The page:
Globally, the situation of many of the world’s most endangered species is dire. A quick glance at wildlife crime statistics shows numbers that are nothing short of shocking:
- Approximately 35,000 African elephants are killed each year.
- The population of Asian tigers has decreased by more than 95% in the last century.
- More than 128 tonnes of pangolin scales were intercepted in 2019 – a 200% increase from five years earlier.
However, while pointing out the scale of the threat is essential, it is just as important to recognize the heroic work of law enforcement officers on the front lines of the fight against transnational wildlife crime.
Kenya is a good example.
“As a country, we depend in a big way […] on tourism. The tourism purely depends on the beauty of our environment,” says George Maingi Kinoti, Director of the Criminal Investigations Department of Kenya’s National Police Service.
“Wildlife crime is something which was not initially taken very […] importantly […] as one of the major crimes. Now, we are realizing the hospitals, the roads, the community’s development are actually proceeds from these animals,” Mr Kinoti explains.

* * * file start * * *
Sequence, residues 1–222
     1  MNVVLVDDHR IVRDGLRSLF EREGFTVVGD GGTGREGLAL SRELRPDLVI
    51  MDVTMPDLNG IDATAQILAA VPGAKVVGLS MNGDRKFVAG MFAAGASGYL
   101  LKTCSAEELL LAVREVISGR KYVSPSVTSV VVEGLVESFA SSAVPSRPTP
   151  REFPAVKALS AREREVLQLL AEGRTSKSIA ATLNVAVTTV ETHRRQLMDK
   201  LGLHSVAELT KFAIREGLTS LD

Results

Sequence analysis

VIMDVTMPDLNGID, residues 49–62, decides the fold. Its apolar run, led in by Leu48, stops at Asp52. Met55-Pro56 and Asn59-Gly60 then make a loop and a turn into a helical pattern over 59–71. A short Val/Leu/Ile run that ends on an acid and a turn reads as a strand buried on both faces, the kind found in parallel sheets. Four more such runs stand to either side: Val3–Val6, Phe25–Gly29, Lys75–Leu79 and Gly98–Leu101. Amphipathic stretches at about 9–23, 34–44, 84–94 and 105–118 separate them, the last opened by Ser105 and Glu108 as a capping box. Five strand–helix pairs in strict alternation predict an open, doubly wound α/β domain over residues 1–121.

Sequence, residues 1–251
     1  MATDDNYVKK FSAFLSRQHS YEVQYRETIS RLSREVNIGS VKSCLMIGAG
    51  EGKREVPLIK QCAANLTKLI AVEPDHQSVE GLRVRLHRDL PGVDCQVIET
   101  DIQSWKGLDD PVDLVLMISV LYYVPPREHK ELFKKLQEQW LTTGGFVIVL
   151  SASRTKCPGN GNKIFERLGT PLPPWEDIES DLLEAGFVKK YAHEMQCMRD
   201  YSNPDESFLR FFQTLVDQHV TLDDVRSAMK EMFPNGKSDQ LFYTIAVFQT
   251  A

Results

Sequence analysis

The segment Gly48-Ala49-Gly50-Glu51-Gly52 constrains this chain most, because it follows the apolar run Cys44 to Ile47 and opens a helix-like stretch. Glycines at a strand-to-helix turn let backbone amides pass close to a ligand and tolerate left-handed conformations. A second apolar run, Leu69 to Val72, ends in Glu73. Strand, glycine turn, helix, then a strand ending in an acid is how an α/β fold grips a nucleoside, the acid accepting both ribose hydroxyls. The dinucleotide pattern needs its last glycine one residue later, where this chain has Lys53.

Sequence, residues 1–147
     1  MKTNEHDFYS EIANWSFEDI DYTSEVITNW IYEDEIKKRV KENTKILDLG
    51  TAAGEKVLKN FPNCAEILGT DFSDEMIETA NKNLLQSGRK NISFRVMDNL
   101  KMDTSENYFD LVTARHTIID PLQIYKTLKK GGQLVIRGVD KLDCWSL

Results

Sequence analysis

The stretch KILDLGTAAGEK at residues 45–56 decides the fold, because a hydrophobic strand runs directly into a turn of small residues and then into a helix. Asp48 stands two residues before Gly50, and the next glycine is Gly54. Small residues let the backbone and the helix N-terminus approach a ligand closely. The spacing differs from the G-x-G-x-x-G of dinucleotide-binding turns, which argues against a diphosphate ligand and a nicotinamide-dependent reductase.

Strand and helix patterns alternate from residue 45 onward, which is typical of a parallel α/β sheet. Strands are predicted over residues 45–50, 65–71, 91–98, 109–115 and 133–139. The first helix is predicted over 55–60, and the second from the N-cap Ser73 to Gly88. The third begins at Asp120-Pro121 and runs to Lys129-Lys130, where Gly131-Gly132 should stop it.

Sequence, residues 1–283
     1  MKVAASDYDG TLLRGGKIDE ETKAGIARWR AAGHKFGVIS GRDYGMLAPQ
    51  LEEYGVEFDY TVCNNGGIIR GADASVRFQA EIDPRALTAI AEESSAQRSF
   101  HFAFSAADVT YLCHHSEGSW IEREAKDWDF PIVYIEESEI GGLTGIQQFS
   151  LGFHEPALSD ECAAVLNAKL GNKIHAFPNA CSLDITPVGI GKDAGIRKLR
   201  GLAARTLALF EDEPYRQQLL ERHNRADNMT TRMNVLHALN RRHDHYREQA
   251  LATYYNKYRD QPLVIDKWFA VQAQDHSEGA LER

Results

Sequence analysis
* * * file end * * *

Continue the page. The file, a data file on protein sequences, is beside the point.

Kenya is also of strategic importance in the fight against wildlife crime due to its port in Mombasa, which sees up to 5,000 containers shipped through every day.
“The cartels, the smugglers, the criminal networks, will want […] to sneak in an illicit or illegal shipment, hoping that because there’s so many containers, we may overlook […] and say ‘we can only inspect so much,” says Swaleh Faraj, a senior official at the Kenya Revenue Authority.
“We have put a lot of infrastructure to address that, to make it less attractive. This would not be a success without the support of INTERPOL and the global network they have to share and exchange information.”
The collaboration of Kenyan law enforcement has already shown encouraging results. Over the last 30 years, elephant numbers in Kenya have doubled. A crackdown on poaching and wildlife trafficking has led to an increase in arrests.
Successfully fighting against wildlife traffickers is not without its risks. In Nairobi National Park, a monument bears the names of all those who have lost their lives in the line of duty protecting Kenya’s wildlife.
“Every year, [the list of names] keeps growing,” remarks Celine Mwangangi of the Kenya Wildlife Service. “We’re always reviewing how we operate so that we beat the criminals, we get them before they get us. [This] is always our motto.”
For Gideon Kimilu, Head of INTERPOL’s Regional Bureau in Nairobi, law enforcement has a central role in combating wildlife crime yet protecting the environment is everyone’s duty.
“In Kenya, we normally say our environment is our inheritance,” Mr Kimilu says. “If you don’t conserve your environment, what will you hand over to your children?”